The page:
‘Close the Border’ message unwelcome in El Paso, TX
A convoy of anti-illegal immigration demonstrators was pulled over by El Paso police after receiving a call alleging that one of its members had threatened a pro-immigration activist who was following the convoy through the city on Sunday, officials said.
Police stopped the convoy of about 10 vehicles on Interstate 10 East between Lomaland Drive and Lee Trevino Drive early Sunday evening, backing up traffic to McRae Boulevard.
Police spokesman Det. Mike Baranyay said police received a call alleging a gun threat at about 5 p.m. Sunday, but that there were some inconsistencies in the allegation.
No one was arrested and police let the convoy continue on its tour of the border.
Baranyay said members of the convoy alleged that a pro-immigration activist tried to run them off the road.
Both allegations are still under investigation, Baranyay said.
Pro-immigration activist Miguel Juarez said he had spotted the convoy traveling through El Paso and followed it. He said he wanted to see if an anti-illegal immigration rally that was said to have been cancelled would still be held.
Juarez said the convoy was traveling near Western Refining on Trowbridge Drive about two miles south of I-10 when one of the cars pulled over. He alleges someone from the Border Convoy got out of the car, pointed a rifle at him and asked if he was following the convoy.
Members of the Border Convoy denied the allegation, saying they were the ones who felt threatened.
Convoy organizer Eric Odom told the El Paso Times that a pro-immigration activist driving a pickup truck had followed them through the city trying to force them to pull over.
The Border Convoy has been streaming video of its nine-day tour from Murrieta, Calif., to McAllen, Texas, on its website. The convoy began its tour Friday, and it is scheduled to end Aug. 9.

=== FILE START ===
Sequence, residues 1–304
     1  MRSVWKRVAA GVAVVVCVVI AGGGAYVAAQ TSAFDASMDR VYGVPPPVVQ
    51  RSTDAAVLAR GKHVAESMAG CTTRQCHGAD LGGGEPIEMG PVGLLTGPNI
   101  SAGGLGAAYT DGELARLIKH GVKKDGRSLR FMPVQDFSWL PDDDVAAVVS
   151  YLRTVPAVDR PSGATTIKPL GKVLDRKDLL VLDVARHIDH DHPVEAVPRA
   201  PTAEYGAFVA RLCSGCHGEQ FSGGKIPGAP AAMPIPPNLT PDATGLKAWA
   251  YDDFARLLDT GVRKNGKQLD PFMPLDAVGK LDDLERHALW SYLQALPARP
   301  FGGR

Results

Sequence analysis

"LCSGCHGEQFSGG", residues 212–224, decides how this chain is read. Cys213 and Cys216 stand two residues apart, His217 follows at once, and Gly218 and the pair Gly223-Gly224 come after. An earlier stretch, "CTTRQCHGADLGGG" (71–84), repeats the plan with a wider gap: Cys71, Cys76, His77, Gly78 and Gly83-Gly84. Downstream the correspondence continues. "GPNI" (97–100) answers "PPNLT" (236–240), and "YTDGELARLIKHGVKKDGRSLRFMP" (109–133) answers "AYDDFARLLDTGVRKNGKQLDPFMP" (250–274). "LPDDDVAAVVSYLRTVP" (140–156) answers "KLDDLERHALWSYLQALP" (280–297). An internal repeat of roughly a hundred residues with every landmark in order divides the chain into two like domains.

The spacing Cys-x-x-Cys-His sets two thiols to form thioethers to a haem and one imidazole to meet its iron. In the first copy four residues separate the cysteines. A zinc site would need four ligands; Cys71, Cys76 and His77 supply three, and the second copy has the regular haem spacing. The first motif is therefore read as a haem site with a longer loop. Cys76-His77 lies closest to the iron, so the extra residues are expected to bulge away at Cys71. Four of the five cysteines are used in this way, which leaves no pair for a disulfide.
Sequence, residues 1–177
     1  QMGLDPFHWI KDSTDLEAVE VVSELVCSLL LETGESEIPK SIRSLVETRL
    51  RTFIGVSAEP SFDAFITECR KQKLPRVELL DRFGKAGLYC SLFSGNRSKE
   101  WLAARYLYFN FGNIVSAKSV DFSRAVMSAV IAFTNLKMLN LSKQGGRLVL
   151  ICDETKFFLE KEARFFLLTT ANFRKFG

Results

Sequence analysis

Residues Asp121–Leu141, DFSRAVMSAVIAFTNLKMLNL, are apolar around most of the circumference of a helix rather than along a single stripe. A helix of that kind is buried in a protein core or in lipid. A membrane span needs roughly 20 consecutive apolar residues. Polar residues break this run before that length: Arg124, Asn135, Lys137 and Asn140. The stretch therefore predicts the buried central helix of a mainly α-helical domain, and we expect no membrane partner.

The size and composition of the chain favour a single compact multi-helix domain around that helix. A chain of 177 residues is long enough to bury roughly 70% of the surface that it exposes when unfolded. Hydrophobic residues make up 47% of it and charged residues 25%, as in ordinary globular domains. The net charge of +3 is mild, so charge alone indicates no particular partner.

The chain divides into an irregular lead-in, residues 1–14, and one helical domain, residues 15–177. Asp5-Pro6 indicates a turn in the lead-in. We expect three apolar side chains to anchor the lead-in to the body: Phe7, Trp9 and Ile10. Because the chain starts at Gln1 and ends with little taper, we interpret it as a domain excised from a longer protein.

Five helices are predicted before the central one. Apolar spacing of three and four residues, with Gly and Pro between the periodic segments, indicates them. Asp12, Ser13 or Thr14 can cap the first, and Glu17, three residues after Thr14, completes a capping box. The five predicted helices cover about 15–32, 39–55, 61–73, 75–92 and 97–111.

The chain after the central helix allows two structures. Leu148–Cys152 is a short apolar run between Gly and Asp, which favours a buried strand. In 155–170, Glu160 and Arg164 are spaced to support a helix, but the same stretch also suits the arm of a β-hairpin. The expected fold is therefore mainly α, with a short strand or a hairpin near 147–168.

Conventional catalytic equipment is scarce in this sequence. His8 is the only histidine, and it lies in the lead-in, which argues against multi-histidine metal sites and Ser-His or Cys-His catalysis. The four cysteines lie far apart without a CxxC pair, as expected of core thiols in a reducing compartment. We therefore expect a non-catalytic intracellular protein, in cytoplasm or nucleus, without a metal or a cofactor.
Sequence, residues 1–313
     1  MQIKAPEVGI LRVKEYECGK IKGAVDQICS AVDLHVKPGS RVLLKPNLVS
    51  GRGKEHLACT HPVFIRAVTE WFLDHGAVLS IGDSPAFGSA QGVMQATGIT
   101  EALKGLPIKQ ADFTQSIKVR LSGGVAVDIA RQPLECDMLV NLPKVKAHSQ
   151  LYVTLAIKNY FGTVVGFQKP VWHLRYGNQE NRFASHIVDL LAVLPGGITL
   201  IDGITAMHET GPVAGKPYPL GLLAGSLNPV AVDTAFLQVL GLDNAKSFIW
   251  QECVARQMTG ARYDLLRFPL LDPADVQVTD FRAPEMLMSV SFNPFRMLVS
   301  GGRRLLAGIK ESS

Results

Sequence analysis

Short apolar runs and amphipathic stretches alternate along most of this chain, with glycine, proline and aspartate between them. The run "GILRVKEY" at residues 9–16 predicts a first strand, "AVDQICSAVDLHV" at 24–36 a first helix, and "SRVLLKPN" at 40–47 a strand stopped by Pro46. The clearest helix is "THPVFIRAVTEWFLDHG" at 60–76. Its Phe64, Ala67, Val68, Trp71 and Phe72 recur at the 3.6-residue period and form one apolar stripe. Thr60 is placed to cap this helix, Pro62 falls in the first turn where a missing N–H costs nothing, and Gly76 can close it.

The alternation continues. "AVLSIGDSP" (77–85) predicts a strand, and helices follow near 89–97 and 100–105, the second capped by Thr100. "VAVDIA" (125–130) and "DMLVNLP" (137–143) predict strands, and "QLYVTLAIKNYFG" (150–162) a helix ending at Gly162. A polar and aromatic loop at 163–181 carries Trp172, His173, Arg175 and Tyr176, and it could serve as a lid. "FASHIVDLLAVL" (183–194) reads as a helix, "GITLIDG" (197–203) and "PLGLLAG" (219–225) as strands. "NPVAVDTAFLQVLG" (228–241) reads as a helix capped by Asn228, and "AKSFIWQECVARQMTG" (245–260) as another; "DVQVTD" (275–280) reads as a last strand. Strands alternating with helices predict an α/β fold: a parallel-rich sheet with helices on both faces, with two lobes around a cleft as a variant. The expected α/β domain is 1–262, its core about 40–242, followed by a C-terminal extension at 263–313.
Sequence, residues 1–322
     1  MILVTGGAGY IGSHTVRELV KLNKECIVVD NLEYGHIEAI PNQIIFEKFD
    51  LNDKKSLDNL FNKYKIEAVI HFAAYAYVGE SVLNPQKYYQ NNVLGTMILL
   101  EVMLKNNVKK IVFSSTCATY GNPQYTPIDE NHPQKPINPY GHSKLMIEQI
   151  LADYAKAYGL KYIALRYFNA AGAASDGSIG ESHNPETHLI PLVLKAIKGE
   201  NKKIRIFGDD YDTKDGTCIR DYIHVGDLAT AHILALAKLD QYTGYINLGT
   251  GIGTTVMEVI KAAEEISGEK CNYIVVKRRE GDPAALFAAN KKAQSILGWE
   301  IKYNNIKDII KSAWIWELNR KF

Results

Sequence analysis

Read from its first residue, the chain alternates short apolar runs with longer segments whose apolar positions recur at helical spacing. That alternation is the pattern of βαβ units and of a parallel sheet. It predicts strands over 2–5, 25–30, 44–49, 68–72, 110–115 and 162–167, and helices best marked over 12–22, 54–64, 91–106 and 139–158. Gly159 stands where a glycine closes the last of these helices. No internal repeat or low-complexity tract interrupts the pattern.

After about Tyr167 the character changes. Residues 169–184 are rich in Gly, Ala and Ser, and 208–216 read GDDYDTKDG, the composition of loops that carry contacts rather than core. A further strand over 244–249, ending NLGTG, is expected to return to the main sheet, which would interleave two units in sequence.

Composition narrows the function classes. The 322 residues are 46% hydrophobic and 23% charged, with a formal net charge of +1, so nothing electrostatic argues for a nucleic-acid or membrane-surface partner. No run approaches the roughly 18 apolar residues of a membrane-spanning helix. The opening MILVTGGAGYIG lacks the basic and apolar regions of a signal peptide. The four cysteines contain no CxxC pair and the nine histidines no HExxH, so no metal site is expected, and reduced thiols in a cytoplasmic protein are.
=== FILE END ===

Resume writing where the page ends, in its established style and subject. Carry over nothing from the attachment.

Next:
“We have the entire thing on video … That never happened,” Odom told the El Paso Times about the alleged gun threat.
When asked if anyone in the convoy was carrying weapons, Odom said that they had a legal right to carry weapons for protection.
“But as you can see, there’s soccer moms with American flags (in the convoy). That’s why they are going to let us go,” Odom said.
Identifying itself on its website as a coalition of citizens concerned over the “invasion” at the border, the convoy had cancelled two El Paso stops because of alleged threats it received on Facebook, Odom said.
Earlier Sunday, the Border Network for Human Rights staged rallies on three I-10 overpasses near Downtown El Paso hoping to catch the convoy as it passed through the city.
“El Paso is the safest city in the nation,” said Fernando Garcia, executive director of Border Network for Human Rights. “It’s a welcoming city … No racism, no xenophobia. That message is not welcomed.”
Unaware of where the Border Convoy might hold its rally, community activists were eager to intercept the convoy with their own message.
“They have the right to express themselves. I think Border Network is very respectful of that,” Garcia said. “But what we are saying is that they are bringing a message of discrimination, a message that is anti-children, anti-immigrant and at the end of the day, racists. So I think we are going to express ourselves saying they are not welcomed in El Paso.”
Pro-immigration organizers held banners and American flags. Children, parents and others carried signs that read: “Anti-Children-Anti-American” and “Border Communities are American Communities.”
Their message is in support of the more than 57,000 unaccompanied minors who have crossed the border illegally since October. Many are believed to be fleeing Central American countries that are plagued with violence and poverty.
“This country was founded by immigrants and we want these children to have a legal process,” said activist Gabriel Flores in Spanish. “They (Border Convoy) want to deport these children so they can go back and die,” Flores said, referring to the violence happening in Central America.
Susana Herrera, who has lived in El Paso for 15 years, said she believed the convoy’s message goes against the country’s values.
“We are not in favor of deporting children,” Herrera said in Spanish. “This country does not represent that. It represents security and freedom.”
On its tour, the Border Convoy is urging people to “Secure the Border,” “Stop the Invasion,” and “Stand for America.”
Odom said having to cancel their scheduled stop in El Paso proves their fears.
“It tells us the situation at our southern borders is as bad as we suspected,” Odom said via text message. “The fact that our lives are in danger for simply wanting to protest confirms we truly are in trouble as a nation.”